Methods: As part of a larger mixed-method evaluation study, compensated in-depth, semi-structured phone interviews were conducted with 39 IRTS participants at the time of prison release and again approximately three months later. Participants were recruited by IRTS peer navigators, who distributed study flyers with research team contact information. Interviews focused on reasons for enrolling in IRTS; recovery/reentry goals and challenges; experiences with the peer health navigator; helpful aspects of services; areas of improvement; and impact of COVID. Interviews were audio recorded, transcribed, and analyzed via cross-case analysis using Dedoose software. This poster presents an overview of themes from the qualitative data.
Results: Participants reported that IRTS peer health navigators offered tangible and material support that was critical to ease community transition in the immediate post-release period, including a cell phone, clothing, and transportation. Peers provided linkages to needed services, including MOUD, and helped participants remain engaged in services by assisting with appointments and transportation. Participants noted that simply having someone available for support or to reach out to as needs arise improved their ability to successfully reintegrate into the community. Participants valued the peer role, noting that peers’ lived experience with addiction and/or justice system involvement made them more relatable and facilitated a strong working relationship. Participants highlighted many available services. However, the program could not always meet certain needs, including housing and employment, for which options are limited for released persons. Program changes occurring during COVID-19 also led to complications, including a shortened pre-release engagement period.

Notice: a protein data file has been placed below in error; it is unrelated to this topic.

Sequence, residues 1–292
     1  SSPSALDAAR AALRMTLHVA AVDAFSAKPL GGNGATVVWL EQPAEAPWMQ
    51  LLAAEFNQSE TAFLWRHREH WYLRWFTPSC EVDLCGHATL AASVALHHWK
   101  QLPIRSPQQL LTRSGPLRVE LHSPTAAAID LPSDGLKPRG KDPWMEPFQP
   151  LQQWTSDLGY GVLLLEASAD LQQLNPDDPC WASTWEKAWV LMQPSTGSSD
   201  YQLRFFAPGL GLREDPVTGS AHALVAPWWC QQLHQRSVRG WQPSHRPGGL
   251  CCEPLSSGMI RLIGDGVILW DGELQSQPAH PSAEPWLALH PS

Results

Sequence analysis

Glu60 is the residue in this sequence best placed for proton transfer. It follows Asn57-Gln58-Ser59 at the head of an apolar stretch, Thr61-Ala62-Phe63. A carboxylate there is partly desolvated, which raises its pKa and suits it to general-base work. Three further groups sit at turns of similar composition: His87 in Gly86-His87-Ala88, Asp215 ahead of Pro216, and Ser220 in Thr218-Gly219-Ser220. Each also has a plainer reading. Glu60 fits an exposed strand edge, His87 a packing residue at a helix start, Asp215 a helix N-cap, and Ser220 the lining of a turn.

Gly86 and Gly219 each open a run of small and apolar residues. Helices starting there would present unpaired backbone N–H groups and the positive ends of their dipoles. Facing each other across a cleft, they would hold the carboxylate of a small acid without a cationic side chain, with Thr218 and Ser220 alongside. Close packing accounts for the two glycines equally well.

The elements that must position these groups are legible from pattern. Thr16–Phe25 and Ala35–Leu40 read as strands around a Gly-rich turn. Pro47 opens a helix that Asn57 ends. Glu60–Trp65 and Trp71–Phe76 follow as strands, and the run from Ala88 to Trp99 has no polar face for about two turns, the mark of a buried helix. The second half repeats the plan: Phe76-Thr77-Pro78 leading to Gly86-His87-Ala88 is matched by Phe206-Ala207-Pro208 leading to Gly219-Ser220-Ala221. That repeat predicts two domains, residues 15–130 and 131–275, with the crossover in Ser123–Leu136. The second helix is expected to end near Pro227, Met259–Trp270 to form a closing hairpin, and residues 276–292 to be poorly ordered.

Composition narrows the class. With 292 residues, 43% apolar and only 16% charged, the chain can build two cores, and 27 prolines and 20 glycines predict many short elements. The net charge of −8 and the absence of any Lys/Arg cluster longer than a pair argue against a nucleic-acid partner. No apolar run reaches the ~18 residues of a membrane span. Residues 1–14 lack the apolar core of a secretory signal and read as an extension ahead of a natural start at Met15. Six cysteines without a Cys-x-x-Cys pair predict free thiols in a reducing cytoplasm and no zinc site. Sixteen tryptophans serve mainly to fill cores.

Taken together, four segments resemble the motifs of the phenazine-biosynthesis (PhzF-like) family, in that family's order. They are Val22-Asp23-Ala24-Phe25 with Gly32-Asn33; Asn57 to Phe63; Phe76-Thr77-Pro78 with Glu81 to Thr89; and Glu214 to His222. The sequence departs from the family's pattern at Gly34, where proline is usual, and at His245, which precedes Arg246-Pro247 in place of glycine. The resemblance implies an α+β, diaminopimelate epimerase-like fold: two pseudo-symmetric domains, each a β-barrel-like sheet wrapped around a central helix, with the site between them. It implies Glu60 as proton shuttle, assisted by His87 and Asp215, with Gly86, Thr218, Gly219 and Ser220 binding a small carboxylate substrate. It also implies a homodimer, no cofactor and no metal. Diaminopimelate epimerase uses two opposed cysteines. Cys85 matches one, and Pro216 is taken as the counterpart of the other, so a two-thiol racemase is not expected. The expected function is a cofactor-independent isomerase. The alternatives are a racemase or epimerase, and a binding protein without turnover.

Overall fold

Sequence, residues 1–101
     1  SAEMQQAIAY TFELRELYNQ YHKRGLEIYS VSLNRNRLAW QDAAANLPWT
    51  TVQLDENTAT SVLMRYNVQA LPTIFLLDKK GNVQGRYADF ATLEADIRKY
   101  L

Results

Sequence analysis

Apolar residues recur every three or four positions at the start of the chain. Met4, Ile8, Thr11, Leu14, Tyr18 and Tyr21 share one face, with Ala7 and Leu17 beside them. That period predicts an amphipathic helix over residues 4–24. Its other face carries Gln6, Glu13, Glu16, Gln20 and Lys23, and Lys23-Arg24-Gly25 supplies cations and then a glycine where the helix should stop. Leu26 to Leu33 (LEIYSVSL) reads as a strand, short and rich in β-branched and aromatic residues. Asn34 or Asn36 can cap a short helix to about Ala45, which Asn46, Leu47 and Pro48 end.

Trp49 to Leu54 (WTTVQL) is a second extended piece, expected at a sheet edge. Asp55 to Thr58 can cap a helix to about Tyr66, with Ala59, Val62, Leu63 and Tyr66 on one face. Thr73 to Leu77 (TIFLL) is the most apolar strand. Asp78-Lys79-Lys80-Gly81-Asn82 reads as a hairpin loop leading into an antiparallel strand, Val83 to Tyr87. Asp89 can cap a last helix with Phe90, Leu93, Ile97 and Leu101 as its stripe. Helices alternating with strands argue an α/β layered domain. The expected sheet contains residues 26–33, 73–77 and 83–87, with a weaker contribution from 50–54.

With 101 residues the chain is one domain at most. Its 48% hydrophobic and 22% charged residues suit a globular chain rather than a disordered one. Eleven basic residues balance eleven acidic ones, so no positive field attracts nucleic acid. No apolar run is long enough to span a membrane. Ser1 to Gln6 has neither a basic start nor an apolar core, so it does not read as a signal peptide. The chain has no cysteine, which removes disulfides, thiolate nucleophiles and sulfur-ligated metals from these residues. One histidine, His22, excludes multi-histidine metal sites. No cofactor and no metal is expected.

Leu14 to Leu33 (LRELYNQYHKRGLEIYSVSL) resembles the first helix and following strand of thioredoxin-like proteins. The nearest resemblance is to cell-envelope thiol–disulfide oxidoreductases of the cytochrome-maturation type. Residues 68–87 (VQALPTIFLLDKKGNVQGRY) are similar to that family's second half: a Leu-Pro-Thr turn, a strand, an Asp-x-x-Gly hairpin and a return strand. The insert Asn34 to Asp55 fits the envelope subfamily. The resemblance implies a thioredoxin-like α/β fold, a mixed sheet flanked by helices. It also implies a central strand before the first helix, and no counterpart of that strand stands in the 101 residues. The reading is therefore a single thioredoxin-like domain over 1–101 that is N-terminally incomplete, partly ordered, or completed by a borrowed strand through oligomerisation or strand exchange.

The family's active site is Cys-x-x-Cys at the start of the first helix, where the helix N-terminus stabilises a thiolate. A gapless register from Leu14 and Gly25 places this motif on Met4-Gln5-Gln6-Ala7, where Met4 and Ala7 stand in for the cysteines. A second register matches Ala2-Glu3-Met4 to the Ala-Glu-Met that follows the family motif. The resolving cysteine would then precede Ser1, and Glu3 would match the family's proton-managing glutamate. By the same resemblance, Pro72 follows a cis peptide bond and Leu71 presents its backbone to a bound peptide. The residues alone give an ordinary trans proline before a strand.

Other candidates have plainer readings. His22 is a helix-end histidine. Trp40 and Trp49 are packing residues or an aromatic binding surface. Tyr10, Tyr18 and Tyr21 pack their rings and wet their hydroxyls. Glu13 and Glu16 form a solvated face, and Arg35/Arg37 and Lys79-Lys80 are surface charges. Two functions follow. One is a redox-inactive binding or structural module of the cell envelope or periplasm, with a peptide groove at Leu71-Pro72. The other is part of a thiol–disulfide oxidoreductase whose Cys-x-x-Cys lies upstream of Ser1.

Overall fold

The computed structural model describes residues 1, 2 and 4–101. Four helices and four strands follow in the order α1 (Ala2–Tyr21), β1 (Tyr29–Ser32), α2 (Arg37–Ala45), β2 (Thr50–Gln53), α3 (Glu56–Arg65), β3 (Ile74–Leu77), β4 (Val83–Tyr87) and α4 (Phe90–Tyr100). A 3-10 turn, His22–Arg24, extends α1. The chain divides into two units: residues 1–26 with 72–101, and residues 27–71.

Conclusions and Implications: Peer health navigation is a promising approach for assisting individuals with OUD as they transition from prison to the community. Individuals enrolled in IRTS found the program valuable, as it helped connect them to treatment, addressed psychosocial needs, and provided ongoing team-based recovery support. Although participants described services as beneficial, further research is needed to determine whether services improved outcomes for participants, such as reducing overdoses and engaging in treatment and health services.